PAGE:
Pursuant to North Dakota Century Code (Chapter 54-46.1), all state agencies, vendors, and service bureaus must follow the appropriate standards when performing micrographic services for state records.

All microfilm equipment utilized for filming public records, whether owned or leased by a state agency or by any vendor, must meet all minimum requirements as outlined in this publication.

Contact the ITD Records Management to register and obtain approvals for microfilm projects.

2. General Requirements

Records Must Be Included on a Records Retention Schedule

All records to be microfilmed must be included on a records retention schedule developed in cooperation with the ITD Records Management Section. Only documents included on an approved records retention schedule will be authorized for microfilming. Contact the ITD Records Management Section to obtain information on developing a records retention schedule.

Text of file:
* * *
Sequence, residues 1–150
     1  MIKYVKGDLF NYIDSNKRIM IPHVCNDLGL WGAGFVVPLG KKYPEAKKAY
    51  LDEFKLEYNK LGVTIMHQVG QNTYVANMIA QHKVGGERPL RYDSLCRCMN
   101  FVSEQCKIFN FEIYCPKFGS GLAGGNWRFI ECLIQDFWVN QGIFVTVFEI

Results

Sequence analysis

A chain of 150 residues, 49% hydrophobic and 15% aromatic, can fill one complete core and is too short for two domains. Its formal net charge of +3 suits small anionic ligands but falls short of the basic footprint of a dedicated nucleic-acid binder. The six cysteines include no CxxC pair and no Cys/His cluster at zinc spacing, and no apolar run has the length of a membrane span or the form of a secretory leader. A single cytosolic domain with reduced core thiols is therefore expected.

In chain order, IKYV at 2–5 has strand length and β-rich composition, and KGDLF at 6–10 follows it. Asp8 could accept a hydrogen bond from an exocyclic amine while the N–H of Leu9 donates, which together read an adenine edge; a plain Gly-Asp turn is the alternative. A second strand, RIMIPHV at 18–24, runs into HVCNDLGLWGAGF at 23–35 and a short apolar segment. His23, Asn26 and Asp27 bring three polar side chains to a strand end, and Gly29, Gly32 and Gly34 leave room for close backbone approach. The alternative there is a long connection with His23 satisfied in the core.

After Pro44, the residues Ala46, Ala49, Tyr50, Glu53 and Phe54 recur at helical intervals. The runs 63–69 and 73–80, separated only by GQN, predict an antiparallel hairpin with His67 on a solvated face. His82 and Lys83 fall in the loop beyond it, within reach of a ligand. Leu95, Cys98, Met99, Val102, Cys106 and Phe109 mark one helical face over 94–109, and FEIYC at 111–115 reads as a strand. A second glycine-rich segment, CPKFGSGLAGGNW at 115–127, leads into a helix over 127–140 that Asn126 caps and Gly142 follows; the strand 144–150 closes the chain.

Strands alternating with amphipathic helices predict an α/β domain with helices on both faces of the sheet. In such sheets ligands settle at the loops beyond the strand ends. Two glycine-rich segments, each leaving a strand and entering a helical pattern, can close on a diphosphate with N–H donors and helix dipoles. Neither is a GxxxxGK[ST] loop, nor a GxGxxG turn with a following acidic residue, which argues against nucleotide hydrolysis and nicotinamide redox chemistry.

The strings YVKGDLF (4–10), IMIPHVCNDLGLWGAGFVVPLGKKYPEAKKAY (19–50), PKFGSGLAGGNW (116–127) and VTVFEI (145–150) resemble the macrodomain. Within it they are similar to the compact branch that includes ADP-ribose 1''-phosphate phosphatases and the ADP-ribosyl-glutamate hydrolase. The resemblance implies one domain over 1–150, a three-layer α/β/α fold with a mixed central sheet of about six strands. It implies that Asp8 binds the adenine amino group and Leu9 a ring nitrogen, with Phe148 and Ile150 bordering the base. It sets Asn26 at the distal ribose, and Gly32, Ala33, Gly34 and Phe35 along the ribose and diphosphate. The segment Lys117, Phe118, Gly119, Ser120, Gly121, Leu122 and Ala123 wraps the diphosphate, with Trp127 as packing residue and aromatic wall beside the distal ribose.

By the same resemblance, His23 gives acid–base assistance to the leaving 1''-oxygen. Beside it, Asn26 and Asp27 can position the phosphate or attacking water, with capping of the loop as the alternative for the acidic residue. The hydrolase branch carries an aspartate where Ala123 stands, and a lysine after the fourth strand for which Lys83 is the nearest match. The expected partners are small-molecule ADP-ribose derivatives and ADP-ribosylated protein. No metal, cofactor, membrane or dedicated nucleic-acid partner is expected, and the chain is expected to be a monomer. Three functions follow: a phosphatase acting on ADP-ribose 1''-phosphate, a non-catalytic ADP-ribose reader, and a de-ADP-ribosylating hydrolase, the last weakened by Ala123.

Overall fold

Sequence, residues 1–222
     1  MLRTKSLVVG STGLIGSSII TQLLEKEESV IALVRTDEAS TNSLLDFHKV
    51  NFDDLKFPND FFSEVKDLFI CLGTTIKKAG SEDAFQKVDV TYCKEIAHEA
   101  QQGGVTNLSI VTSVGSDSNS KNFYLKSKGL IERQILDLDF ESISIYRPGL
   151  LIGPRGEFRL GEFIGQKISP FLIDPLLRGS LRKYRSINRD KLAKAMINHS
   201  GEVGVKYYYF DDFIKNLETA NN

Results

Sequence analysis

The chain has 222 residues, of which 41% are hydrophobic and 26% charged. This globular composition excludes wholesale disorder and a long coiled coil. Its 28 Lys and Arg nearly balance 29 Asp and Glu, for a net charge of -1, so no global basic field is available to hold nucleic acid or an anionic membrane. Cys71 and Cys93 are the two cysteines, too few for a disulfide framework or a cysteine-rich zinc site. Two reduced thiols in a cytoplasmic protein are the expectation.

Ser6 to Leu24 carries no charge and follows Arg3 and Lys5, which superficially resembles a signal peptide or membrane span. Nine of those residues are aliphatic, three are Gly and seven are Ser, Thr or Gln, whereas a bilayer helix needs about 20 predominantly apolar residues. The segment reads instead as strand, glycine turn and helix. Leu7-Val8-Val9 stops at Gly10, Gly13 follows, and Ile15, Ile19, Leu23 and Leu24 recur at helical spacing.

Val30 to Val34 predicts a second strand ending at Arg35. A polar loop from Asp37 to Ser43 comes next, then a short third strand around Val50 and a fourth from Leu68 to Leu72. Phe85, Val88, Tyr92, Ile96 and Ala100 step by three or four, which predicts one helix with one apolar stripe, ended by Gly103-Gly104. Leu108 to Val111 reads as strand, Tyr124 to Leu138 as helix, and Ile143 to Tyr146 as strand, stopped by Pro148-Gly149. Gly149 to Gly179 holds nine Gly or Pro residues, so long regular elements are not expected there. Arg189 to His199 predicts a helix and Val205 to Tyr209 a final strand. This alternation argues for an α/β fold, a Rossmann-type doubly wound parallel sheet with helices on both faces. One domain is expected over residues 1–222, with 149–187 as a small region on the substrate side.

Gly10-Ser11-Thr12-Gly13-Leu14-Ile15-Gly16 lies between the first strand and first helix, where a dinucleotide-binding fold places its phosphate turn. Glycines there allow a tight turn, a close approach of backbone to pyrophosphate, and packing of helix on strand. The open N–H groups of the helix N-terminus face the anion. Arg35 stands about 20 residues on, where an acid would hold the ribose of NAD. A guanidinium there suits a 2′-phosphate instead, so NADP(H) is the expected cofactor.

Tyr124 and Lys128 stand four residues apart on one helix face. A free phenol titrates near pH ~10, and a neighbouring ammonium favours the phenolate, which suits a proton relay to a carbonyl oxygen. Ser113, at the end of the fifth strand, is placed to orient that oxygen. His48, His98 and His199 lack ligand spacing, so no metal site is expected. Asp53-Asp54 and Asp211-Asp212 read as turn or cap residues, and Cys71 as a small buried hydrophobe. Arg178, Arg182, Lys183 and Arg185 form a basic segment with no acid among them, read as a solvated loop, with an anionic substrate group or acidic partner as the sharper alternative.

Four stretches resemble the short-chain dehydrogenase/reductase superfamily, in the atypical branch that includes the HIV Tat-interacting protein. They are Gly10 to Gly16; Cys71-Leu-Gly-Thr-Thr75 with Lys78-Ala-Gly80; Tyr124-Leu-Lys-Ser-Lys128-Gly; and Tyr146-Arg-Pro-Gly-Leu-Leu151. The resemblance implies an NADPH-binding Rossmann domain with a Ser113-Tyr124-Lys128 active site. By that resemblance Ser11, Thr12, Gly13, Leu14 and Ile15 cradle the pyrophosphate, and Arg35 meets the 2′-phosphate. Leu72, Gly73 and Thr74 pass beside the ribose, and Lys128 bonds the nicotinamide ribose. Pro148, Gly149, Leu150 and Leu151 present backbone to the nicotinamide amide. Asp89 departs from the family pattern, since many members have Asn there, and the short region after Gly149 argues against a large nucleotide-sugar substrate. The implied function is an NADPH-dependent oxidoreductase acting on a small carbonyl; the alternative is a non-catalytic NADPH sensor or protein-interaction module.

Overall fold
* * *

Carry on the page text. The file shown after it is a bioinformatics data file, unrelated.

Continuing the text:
Microfilming Projects Must Be Approved

A Microfilm Feasibility Study (SFN 2000) must be completed and submitted to ITD Records Management for review and approval prior to the start of any microfilming projects.

Document Preparation

Document preparation means organizing the records in the exact order in which the documents must appear on the microfilm. It is your agency’s responsibility to complete all document preparation. If the documents are not prepared properly, they will not be scanned. You must contact ITD Media Services to obtain instructions before preparing documents.

Document preparation must be completed as follows: